England broke football records on Monday night when the Lionesses became the first side in European history (men or women’s) to score eight goals in a single game — the biggest margin of victory in the European Championships ever.
Securing a place at the Euro quarterfinals with the landmark win against Norway, England demonstrated the success that comes from investing in women’s sport: 'The players are getting better, the facilities are improving…the coaches are improving, the support, the fan base, the sponsorship, the TV coverage—everything has just multiplied so much,’ England defender Lucy Bronze told Grazia before the tournament started.
Women’s football has only been legal since 1921, after the Football Association deemed the sport ‘quite unsuitable for females’ and banned women from playing at their grounds. ‘As much as everything’s improved, every single area can keep improving,’ Lucy notes.
‘Things like, a lot of women’s teams only have one physiotherapist where men’s Premier League team have like 10,’ she elaborates. ‘Those things make a difference when you have 20-30 athletes trying to perform at a high level— Things are good, but they could be better.’
‘It’s not 100% where it should be. It’s not perfect,’ Lucy continues. ‘[Women’s football] still needs more resources and more effort put into it. But we’re on the right track and the most important thing is that we all keep pushing and we know we’re in a good place.’
One in five men in the UK are still opposed to equal coverage of men’s and women’s sport on television, according to research by YouGov. Yet public demand to watch the Lionesses games is also breaking records: 68,871 fans piled into Old Trafford to watch England beat Austria at the start of the tournament—the largest crowd at any women’s Euro’s match to date.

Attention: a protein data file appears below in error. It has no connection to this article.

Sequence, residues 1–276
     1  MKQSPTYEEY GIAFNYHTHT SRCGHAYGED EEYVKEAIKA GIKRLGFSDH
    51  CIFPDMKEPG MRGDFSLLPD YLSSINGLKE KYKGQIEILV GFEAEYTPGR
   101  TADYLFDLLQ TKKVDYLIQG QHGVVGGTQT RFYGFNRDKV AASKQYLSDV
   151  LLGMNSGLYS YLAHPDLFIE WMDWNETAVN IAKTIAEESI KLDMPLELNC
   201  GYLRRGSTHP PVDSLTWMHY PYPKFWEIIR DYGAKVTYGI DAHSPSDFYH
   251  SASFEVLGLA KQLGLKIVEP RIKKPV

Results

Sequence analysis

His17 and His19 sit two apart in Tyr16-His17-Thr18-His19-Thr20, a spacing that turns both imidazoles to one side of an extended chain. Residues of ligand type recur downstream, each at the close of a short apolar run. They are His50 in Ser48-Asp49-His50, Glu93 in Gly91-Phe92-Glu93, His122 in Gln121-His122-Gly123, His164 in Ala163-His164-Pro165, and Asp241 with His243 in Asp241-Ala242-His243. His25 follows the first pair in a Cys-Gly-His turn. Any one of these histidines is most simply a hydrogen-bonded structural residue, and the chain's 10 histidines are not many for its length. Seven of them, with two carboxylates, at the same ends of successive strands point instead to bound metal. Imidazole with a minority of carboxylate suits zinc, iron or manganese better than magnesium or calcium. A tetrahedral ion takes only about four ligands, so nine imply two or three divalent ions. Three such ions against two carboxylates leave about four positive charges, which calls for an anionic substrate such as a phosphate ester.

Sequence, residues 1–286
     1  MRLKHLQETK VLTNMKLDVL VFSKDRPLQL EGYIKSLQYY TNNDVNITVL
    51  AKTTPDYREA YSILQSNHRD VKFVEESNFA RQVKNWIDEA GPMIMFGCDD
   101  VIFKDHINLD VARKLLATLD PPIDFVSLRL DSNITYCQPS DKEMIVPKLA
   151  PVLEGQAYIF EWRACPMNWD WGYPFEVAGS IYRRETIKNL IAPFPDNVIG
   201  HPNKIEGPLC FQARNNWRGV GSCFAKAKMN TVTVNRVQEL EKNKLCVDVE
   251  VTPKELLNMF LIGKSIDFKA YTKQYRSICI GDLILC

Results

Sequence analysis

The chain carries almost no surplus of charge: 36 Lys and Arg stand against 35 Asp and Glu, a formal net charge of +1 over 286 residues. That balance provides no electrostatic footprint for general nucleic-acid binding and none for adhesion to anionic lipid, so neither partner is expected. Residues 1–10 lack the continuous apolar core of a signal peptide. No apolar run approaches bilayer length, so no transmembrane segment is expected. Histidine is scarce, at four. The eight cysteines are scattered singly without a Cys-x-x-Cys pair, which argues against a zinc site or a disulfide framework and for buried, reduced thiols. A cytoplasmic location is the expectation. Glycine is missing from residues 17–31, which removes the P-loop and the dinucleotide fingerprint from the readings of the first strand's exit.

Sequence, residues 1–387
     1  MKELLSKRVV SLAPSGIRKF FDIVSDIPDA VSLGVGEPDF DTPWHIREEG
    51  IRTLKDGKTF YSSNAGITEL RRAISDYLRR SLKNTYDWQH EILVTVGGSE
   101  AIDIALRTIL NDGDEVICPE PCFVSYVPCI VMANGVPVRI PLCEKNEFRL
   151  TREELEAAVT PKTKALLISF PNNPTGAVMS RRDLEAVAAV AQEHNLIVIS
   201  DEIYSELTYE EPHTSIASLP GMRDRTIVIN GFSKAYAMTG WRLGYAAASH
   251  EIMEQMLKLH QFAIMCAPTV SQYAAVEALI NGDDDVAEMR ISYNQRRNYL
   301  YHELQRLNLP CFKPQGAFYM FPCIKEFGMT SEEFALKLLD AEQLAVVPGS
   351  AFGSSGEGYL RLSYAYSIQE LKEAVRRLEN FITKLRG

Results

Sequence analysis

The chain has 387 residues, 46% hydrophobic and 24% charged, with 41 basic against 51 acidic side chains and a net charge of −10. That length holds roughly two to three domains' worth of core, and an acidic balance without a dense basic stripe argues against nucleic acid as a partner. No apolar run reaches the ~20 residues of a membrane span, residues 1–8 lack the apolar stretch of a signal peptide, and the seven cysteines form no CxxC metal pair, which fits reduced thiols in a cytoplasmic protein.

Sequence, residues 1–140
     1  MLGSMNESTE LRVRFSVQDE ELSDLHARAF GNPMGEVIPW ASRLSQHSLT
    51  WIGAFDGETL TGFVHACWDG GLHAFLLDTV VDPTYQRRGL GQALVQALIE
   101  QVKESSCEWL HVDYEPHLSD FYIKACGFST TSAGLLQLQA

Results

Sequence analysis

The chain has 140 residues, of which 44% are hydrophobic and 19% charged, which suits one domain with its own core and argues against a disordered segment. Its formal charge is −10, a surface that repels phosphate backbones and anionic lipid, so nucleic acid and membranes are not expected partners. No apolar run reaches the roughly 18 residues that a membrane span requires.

‘The fan base that we have for women’s football now is unbelievable,’ says Lucy. ‘Not only in England, but across Europe and around the world. Sports fans want to come and watch the best players play - they’re filling out stadiums - and we’re playing in front of the most fans we’ve ever had.’
Women’s football is only expected to increase in the UK following the Lionesses’ success. 10.5 million women in the UK are set to be inspired to join football teams after the Euros, with England player Jordan Nobbs championing Just Eat's The 101 network to help female-led grassroots clubs take off in anticipation of the demand their research has predicted.
Aware that the in-awe eyes of the nation are on her team as they pray for football to finally come home, England manager Sarina Wiegman told reporters of the squad’s success: ‘That is what we hope to do – make the nation proud.'